Organisations that shun or are slow to adopt DevOps will "fall by the wayside", according to Finbarr Joy, group chief technology officer at telecoms company Lebara.
"You still see the debate, and people asking ‘Should we do DevOps?'" he told delegates at Computing's DevOps Summit 2016 in London.
"But when you look at what's happening in every vertical, that time for consideration is gone. Those who can't find out what their customer wants next will fall by the wayside."
Joy argued that "if software is eating the world, it's powered by developers", with new practices and mechanisms in play, often led by DevOps.
"What does it mean to have obsessive customer focus? Rapid production cycles are entirely focused on it. Those of you touching consumers, whatever your product you need it to work on mobile," he said.
"With the best will in the world, you don't know what Apple, Google or Samsung's plans will be in the next five years, but you're laying your long-term propositions on it. We can't do that unless we can release quickly. And that brings on the whole notion of ‘being comfortable to fail'."
Joy argued that the key to a successful DevOps implementation is "the core DevOps mechanics of feedback and flow".
"That's what we're looking at now. How does finance flow to technology, and HR to customer services? It's about not letting these boundaries appear [and], by using the same principles, understanding how we can make the rest of the organisation work well together. I genuinely believe there's no boundary to this," he said.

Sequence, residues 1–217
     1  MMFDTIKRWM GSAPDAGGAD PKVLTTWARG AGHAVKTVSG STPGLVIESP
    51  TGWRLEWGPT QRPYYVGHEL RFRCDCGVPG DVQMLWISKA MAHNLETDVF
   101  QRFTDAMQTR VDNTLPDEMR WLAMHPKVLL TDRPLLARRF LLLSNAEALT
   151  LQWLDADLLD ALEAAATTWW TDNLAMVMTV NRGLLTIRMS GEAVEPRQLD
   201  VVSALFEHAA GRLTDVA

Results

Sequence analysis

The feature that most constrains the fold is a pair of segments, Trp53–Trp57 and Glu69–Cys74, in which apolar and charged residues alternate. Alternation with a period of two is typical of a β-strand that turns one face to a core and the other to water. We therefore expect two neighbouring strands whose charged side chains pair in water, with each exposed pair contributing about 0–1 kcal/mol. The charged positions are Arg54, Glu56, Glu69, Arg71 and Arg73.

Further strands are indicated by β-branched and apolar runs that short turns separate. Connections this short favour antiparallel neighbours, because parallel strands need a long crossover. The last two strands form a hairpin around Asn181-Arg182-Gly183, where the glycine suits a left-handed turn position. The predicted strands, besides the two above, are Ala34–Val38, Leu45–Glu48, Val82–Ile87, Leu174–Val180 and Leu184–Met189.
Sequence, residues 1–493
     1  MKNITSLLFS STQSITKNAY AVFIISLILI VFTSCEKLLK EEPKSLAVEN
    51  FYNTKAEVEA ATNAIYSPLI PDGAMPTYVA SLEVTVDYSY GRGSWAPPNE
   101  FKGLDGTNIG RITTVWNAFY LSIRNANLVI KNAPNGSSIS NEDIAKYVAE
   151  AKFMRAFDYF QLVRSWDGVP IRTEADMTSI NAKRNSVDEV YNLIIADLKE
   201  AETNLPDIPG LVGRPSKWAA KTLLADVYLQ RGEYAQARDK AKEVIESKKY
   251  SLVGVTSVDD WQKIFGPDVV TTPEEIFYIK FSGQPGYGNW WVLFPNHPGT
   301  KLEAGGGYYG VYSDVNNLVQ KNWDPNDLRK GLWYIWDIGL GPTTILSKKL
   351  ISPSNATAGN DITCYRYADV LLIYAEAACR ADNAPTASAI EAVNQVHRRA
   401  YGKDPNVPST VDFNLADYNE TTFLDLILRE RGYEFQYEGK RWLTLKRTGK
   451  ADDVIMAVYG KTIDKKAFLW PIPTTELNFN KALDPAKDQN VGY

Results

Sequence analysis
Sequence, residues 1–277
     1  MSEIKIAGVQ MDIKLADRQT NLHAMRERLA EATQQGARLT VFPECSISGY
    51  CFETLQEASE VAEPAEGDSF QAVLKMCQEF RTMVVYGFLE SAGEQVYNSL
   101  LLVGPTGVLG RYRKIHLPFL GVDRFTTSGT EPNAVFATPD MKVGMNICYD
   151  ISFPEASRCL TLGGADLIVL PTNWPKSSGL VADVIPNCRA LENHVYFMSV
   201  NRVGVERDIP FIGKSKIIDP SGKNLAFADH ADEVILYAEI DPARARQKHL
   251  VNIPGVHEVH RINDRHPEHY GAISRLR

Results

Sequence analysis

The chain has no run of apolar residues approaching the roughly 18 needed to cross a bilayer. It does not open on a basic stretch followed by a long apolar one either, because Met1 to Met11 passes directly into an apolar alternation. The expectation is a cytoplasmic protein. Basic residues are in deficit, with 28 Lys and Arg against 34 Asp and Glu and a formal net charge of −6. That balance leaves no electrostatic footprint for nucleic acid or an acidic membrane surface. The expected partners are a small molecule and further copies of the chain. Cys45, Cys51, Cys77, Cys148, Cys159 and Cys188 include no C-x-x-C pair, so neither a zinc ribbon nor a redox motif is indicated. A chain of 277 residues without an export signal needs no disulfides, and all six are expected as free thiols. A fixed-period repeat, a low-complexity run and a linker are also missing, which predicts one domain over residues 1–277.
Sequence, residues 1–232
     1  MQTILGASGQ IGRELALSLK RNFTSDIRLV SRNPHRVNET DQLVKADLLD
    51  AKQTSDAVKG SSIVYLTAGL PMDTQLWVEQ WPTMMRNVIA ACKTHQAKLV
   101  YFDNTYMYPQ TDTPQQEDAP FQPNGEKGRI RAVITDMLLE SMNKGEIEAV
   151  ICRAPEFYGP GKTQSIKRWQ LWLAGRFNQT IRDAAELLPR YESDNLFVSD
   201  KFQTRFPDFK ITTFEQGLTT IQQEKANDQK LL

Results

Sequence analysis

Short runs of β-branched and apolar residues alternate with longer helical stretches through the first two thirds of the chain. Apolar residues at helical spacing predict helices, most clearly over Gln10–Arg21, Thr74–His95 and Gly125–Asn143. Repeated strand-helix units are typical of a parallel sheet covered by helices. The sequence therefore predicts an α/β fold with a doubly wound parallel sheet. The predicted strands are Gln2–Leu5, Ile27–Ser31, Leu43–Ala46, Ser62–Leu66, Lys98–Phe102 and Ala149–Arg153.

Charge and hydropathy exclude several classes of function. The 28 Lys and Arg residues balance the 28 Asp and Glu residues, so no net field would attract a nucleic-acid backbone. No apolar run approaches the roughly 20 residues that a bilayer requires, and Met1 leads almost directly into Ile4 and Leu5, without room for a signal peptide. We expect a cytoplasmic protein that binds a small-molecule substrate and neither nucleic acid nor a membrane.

Joy believes that DevOps has the potential to improve analytics in many businesses.
"Data and analytics is a place where we're still to see DevOps. So just as we're getting used to it, why not apply DevOps to IT operations? We have a lot of machine data, so now we can pursue that real-time analytics to tell us exactly how the application is doing live, and get more predicative and participatory," he said.
Joy added that often whenever the issue of 'culture' is raised, "before you know it, people are putting beanbags on the floor and organising pizza evenings. And while that's nice, we still need to tackle the culture issue."
To tackle it head-on, he argued that giving teams "new experiences" is the way forward, as "simply saying 'Here's a pattern, let's follow it' doesn't work".
"You need an environment to let people fail, and let people learn. And it's only after that's happened for one or two cycles that you'll see change," he said.
He also implored companies experimenting with a DevOps culture to be honest about the changes that will need to be made to accommodate new ways of working.
"Bringing production, finance and HR into the tech evaluation - if we're experimenting all the time and killing products, a lot of finance models change. You have to be honest about that," said Joy.
On a general level, Joy advised that benchmarking against other organisations is "the best you can do".
"Isn't it interesting that Amazon can release every 11 seconds, and Google rewrites algorithms 500 times a year?" he asked. "Give a team the self-direction and autotomy to resolve these things for themselves."
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